I went sculling this morning under grey, windless skies, taking advantage of a rare chance to get out on smooth water in November before things shut down late next month. I walk down Old Shore Road with the shell on my head, and launch at the bottom of the hill next to the new boat ramp. As I stepped into the shallows I saw this cool creature, about eight to ten inches long, dead, but only recently so gauging from its good condition.
This is a mantis shrimp – at first I thought it was a lobster tail some well-to-do bait fisherman had discarded after an expedition for a big striped bass (lobster tails are legendarily good bait, but at current prices, better in one’s stomach) – according to Wikipedia, mantis shrimp are so named for their resemblance to a Praying Mantis, but they are not shrimp. They are also known as “thumb splitters” by scuba divers because of their ability to destroy an appendage brought too close to their mandibles. Indeed, they can allegedly shatter aquarium glass and are apparently highly intelligent creatures.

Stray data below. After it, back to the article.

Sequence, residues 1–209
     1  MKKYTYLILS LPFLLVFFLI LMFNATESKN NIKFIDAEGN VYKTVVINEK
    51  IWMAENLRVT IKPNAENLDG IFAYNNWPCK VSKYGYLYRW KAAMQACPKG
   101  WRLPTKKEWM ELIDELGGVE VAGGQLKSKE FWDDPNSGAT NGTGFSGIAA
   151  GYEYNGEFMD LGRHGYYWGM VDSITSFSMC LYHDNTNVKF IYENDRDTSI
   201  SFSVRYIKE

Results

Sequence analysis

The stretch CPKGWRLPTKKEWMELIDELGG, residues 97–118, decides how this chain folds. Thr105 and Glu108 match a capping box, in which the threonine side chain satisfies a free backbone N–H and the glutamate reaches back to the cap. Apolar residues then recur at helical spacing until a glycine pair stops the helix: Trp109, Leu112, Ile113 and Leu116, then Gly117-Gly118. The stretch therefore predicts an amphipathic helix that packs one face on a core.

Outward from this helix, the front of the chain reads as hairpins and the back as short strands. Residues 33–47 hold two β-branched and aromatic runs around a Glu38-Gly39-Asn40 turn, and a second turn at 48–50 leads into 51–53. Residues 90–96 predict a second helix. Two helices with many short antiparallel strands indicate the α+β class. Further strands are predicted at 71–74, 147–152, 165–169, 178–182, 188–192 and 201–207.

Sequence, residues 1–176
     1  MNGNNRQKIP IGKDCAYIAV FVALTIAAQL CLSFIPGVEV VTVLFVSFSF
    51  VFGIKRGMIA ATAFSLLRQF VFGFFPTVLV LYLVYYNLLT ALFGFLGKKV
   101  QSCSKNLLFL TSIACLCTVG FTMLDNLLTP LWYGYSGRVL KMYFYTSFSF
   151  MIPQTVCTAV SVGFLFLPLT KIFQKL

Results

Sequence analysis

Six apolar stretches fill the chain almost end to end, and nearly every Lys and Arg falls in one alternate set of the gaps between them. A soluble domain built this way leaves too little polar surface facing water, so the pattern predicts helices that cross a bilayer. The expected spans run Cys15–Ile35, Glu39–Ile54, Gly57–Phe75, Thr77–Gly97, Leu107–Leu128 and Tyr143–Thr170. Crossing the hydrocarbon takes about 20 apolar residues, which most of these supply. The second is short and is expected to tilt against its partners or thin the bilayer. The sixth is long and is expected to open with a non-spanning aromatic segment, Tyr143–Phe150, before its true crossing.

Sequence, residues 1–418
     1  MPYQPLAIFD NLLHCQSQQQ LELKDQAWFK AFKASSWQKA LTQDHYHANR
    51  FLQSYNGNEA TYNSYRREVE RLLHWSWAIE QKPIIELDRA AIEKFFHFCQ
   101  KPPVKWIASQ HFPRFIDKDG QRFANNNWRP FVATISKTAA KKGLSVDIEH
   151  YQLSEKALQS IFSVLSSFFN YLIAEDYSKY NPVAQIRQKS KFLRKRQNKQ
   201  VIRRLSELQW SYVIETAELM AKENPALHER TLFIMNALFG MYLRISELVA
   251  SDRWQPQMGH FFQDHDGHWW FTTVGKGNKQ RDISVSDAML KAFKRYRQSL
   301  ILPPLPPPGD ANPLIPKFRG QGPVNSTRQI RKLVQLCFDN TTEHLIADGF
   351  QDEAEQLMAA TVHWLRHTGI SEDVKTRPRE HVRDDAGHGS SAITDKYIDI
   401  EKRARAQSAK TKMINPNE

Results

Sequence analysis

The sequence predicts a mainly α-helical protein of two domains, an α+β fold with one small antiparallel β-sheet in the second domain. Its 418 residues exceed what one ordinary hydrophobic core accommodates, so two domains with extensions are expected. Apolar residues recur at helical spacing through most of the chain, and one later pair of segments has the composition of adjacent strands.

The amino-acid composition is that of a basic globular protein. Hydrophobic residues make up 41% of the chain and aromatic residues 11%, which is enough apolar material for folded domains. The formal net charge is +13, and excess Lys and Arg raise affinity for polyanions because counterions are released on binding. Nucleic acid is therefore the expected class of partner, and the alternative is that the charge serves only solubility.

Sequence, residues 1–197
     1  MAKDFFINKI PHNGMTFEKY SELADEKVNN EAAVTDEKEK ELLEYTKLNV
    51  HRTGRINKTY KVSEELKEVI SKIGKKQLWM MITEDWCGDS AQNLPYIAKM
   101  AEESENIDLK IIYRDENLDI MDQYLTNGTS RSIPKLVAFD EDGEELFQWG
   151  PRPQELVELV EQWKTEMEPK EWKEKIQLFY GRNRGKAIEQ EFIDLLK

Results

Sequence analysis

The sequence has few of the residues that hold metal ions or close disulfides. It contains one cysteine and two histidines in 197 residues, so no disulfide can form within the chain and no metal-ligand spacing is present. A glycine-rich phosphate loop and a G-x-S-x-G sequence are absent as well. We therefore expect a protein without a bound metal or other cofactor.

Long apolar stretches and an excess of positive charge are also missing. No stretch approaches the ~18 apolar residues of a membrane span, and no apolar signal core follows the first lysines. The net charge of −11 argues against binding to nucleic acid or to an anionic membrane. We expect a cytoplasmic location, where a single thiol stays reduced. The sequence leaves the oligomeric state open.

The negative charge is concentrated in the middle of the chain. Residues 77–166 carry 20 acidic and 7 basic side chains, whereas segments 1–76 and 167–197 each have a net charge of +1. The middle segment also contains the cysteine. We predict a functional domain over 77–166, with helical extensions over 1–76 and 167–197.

The Chinese call them “pissing shrimp” for their penchant to void their bowels while being cooked.
I have never seen one of these on Cape Cod before, but know from saltwater fly fishing that they do “move” into southern New England waters in the fall and have the fastest “strike” time of any creature in the world. The Cape is their northernmost range on the eastern seaboard, and I know from experience that the south side of Cape Cod, jutting out as it does into the Gulf Stream, is last stop for a lot of tropical species which work their way up the coast all summer, only to get stunned and stranded by the first chills of the fall. A manatee died last month after making its way to Dennis, and there have been catches of tarpon, barracuda, and tiger sharks in Nantucket Sound in the past.
Here’s a video of one attack a crab.